Why You Cannot Afford to Ignore China

Published on Contrarian Profits, by Irwin Greenstein, Oct 22, 2008.

… Have there been recent bankruptcies in China? Yes.

Has the workforce shifted from a shortage to a surplus? Yes.

Are commodities prices lower because China is slowing down? Yes.

But the fact remains that China is still perhaps the most robust economy anywhere – especially with rogue petro-fascist states like Venezuela, Iran and Russia suddenly finding themselves nose-diving into a deficit with shrinking oil prices.

The thing to keep in mind is that much of this retraction can be attributed to the post-Olympics blitz. Plenty of jobs were created thanks to China’s $42-billion budget to host the Olympics (including infrastructure build-out) plus another $100 million on the opening and closing ceremonies.

It is any wonder that prices of construction materials are dropping?  Or that all of a sudden there’s an over-capacity of hotel rooms?

At the same time, inflation is China has dipped to 4.6% in September from a peak of 8.7% in February.

Better yet, many of the national banks are still solid and the savings rate for Chinese consumers remains high.

We read about how exports are suffering from tight cash in the West.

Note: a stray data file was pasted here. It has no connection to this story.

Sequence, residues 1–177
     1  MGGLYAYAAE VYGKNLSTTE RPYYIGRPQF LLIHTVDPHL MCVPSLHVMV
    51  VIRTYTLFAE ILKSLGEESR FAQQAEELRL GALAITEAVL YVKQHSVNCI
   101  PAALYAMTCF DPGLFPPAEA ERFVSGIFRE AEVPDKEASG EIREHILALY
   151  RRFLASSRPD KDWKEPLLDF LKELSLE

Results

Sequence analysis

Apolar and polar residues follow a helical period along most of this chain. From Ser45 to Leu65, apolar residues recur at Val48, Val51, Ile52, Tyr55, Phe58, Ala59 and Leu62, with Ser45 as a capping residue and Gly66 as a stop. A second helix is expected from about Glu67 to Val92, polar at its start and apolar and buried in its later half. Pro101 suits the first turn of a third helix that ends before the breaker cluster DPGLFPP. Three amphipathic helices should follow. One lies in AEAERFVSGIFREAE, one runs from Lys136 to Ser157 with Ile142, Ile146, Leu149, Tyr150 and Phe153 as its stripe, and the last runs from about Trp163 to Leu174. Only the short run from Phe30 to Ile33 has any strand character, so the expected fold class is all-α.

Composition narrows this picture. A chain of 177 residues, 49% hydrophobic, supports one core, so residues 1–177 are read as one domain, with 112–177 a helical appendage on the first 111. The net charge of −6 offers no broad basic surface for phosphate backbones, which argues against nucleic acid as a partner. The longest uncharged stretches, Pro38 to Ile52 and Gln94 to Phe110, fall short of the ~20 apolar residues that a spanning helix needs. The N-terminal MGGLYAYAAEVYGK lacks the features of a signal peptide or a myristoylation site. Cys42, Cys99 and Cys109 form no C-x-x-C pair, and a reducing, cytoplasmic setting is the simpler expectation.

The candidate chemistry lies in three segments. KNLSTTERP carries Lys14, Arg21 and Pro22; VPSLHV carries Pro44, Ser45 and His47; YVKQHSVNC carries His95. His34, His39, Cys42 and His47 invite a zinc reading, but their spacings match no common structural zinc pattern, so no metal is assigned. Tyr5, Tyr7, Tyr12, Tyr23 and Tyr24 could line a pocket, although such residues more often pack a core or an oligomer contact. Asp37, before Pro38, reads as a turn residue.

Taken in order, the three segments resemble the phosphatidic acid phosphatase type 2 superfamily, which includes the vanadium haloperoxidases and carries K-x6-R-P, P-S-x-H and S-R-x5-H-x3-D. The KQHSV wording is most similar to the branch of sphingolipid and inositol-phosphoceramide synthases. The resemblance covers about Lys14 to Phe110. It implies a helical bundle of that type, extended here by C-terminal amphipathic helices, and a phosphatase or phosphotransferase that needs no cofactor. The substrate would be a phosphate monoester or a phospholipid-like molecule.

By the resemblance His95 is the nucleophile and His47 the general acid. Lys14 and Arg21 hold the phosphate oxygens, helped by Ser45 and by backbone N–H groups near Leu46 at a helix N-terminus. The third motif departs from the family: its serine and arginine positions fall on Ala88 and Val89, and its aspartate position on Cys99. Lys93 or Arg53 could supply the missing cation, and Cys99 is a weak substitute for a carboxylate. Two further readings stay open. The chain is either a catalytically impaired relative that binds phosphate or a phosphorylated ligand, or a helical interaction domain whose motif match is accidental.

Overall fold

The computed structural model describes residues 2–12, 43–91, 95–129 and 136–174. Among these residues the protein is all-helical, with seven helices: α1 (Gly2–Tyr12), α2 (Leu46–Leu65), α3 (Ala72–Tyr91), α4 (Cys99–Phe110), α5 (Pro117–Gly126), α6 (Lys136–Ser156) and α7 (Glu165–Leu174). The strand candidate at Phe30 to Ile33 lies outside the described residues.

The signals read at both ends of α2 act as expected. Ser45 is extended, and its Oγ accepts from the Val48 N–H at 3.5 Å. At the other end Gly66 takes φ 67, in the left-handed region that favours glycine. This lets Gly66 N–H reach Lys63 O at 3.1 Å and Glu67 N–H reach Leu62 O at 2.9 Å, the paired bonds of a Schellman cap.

But what we’re not hearing is that China will spend massive amounts on infrastructure in the future.

By 2025, an additional 5 million buildings — including up to 50,000 skyscrapers, or the equivalent of 10 New York Cities — could be built in China, said the McKinsey Global Institute.

China will spend $62 billion on 97 new airports by 2020.

As recently as July, Merrill Lynch raised China’s three-year infrastructure projections from $400 billion to $725 billion – an increase of 81.2%.

These ongoing investments in fixed assets means that China is funneling 45% of its GDP into construction and infrastructure, a record-breaking number according to the Standard Chartered Bank in Shanghai.

Admittedly, China’s economy is no longer in hyper growth. But instead of seeing the glass as half empty, it should be seen as half full. (full text).

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